When we couldn’t stand the scorching temperatures any longer, we stumbled outside and flopped down on one of the many massage beds that packed the wide back porch. Along with about 8 other people, Amanda and I spent the next hour being pulled and stretched like salt water taffy by hyperactive and overzealous little men. Snaps, crackles and pops filled the air as each of our body parts, which were now incredibly limber and malleable from the steam bath, were adjusted one by one and kneaded into perfect shapes. What looked and sounded like medieval torture was actually one of the most blissful and satisfying experiences we’d had since leaving yoga school (see ‘Om’ My God blog for details). Pumped full of endorphins, we floated back down to the ground and settled into a tuk-tuk alongside other satisfied customers.

To add a perfect ending to an already perfect day, we accepted an offer from our driver and a few fellow passengers to grab a sundowner at a popular outdoor bar in town (these invitations are oddly commonplace in the backpacker community). As the sun melted into the Mekong River, we raised our super sized bottles of Beer Laos and toasted to the many more yet to come!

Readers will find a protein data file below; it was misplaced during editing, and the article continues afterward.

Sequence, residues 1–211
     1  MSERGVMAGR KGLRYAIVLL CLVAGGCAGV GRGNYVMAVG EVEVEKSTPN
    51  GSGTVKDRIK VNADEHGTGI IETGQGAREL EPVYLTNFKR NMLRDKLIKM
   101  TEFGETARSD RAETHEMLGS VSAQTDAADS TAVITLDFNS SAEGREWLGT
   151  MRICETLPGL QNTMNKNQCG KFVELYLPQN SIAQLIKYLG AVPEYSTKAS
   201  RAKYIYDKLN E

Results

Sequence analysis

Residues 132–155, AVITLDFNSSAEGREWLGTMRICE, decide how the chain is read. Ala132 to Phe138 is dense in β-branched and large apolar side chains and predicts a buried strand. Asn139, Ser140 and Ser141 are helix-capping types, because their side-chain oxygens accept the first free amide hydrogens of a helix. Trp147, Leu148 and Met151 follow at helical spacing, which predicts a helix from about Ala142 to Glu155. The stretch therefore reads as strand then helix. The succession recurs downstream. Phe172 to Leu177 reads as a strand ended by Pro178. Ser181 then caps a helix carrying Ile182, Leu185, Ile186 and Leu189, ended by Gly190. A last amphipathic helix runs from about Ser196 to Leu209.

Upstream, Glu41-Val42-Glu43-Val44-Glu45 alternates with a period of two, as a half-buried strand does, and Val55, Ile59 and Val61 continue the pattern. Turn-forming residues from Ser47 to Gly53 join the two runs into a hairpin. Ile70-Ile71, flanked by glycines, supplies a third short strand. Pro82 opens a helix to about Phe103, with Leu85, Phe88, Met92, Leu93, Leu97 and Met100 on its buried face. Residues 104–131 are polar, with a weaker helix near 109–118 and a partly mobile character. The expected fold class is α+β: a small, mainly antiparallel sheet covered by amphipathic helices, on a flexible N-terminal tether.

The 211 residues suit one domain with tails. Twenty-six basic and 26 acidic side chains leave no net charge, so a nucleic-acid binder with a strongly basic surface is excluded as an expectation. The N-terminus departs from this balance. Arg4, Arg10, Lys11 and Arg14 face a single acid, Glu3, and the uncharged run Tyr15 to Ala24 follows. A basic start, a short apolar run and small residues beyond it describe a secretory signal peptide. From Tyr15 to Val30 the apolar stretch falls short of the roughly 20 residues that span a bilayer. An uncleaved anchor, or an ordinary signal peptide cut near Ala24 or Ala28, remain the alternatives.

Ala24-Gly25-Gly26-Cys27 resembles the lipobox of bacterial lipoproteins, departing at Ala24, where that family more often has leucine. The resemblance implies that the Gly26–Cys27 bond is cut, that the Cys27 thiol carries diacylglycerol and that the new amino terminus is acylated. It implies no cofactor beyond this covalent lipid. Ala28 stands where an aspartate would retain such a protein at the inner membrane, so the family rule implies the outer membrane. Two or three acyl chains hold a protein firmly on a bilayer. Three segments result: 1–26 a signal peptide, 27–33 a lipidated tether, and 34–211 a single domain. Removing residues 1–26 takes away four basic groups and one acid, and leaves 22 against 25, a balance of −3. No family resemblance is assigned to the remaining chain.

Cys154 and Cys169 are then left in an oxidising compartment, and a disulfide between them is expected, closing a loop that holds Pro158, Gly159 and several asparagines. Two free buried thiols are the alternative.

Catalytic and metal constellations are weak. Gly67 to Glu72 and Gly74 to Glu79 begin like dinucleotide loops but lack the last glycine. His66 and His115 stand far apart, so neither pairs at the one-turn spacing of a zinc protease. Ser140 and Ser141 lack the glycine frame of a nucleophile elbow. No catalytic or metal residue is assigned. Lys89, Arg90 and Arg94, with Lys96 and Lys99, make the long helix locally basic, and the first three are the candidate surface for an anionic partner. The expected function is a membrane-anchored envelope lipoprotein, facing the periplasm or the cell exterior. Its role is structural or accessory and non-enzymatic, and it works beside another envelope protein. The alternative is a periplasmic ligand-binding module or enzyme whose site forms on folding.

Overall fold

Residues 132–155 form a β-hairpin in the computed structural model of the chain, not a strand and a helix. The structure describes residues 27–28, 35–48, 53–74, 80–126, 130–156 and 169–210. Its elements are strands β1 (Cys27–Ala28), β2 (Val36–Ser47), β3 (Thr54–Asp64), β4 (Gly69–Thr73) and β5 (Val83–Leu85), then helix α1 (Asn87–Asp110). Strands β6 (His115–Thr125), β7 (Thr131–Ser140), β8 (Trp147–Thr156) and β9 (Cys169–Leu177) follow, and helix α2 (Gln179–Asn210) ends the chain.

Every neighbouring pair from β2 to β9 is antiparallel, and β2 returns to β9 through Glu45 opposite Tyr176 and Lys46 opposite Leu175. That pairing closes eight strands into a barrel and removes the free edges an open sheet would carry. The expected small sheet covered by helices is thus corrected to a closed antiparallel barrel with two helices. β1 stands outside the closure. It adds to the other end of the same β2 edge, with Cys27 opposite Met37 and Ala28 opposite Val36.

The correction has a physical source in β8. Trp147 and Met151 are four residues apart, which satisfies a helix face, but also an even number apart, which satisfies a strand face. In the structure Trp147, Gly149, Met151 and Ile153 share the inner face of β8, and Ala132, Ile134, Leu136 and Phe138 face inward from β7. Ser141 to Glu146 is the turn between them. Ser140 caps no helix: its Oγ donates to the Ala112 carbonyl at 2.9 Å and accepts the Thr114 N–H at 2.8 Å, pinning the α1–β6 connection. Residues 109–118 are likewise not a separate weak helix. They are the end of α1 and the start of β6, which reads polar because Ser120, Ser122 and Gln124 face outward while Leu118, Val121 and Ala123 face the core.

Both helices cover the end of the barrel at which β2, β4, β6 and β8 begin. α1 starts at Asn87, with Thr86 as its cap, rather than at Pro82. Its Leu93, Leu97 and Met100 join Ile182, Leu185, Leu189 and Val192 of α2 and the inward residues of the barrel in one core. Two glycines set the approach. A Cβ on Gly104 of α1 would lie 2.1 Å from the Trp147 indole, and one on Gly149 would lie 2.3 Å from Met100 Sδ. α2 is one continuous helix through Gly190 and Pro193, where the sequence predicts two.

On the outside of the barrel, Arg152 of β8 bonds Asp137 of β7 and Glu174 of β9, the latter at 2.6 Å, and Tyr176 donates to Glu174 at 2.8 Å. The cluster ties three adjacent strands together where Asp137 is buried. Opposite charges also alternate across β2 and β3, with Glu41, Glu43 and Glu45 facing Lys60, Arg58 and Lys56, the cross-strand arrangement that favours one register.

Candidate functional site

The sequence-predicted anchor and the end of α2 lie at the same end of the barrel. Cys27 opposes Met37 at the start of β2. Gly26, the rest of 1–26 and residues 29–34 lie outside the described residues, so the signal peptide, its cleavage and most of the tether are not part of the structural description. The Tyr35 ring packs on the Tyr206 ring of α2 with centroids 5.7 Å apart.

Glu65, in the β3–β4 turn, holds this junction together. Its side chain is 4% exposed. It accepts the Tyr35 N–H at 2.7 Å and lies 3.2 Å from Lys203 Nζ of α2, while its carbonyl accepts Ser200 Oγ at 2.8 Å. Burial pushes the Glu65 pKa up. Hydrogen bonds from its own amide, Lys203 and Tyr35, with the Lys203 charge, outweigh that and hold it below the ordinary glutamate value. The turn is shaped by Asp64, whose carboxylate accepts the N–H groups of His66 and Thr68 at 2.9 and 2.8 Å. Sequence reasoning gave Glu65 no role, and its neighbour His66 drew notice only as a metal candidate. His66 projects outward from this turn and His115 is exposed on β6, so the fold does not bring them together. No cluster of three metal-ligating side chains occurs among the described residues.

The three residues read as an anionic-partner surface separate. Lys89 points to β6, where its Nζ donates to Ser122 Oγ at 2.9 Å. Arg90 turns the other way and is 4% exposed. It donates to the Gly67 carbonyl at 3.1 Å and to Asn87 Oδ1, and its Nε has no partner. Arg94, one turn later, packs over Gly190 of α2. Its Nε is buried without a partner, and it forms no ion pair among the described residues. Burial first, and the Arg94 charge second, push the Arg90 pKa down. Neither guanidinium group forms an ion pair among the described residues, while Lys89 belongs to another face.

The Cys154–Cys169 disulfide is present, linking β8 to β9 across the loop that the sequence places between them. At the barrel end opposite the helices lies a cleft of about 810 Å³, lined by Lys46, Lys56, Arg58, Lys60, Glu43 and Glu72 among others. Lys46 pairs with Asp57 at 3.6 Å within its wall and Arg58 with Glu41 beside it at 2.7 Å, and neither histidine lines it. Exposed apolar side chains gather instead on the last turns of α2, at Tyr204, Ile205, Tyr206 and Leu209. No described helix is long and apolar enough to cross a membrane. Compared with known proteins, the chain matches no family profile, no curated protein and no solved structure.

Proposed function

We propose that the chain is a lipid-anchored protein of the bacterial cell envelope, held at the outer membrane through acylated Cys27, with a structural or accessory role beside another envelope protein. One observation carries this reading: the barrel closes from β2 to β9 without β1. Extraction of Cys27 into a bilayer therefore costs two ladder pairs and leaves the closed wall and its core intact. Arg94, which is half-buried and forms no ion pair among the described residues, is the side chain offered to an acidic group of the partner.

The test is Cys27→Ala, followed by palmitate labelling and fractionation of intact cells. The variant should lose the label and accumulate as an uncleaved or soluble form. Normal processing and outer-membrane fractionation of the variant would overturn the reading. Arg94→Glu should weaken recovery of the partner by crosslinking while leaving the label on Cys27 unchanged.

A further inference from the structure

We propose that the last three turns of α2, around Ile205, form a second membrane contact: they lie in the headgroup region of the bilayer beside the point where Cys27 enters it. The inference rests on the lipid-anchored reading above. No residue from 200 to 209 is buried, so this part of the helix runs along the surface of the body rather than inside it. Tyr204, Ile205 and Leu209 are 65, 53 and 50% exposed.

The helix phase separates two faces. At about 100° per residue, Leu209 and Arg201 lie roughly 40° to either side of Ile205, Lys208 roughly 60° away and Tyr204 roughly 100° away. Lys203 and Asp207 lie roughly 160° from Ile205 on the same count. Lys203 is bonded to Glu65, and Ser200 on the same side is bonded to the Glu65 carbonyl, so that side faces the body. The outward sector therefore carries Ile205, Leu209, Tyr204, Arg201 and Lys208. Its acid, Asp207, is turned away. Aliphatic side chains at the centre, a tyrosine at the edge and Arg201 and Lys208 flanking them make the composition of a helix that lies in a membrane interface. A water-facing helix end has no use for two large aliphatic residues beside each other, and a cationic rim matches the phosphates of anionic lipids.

—Jen

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    5 Comments

  • Dellie says:

    Thanks for the interesting and eye-opening information about Laos.I didn’t know anything about this lovely country. I will look at Laos through different eyes now–colored by your sweet experience there. The Vientiane outdoor wat paa-forest temple- made me feel relaxed just by reading it! Ahhhh…. Steam and massage? You bet! And cheap no less! Heaven on earth….Laos sounds like a dreamy-even romantic-travel destination.

  • Lynn says:

    Ladies, that sounds absolutely AMAZING! What an experience! I’m going to have to make it to that part of the world someday, and soon!

  • LopesCa says:

    A spectacular adventure. Congratulations
    Tanks for the tips.

  • luxury robes in Laos says:

    I can’t believe you girls are still at it! the Laos info was great, especially hearing about the massage capital of the world. your audience is steadily growing state-side as i tell all my friends about your adventures.

  • Michelle says:

    What a fantastic, totally true review!!! I was in Laos in 2007 and it was just plain beautiful. the people are fantastic, everyone is friendly and it just has such a wonderful atmosphere.
    i vote everyone should go to Laos!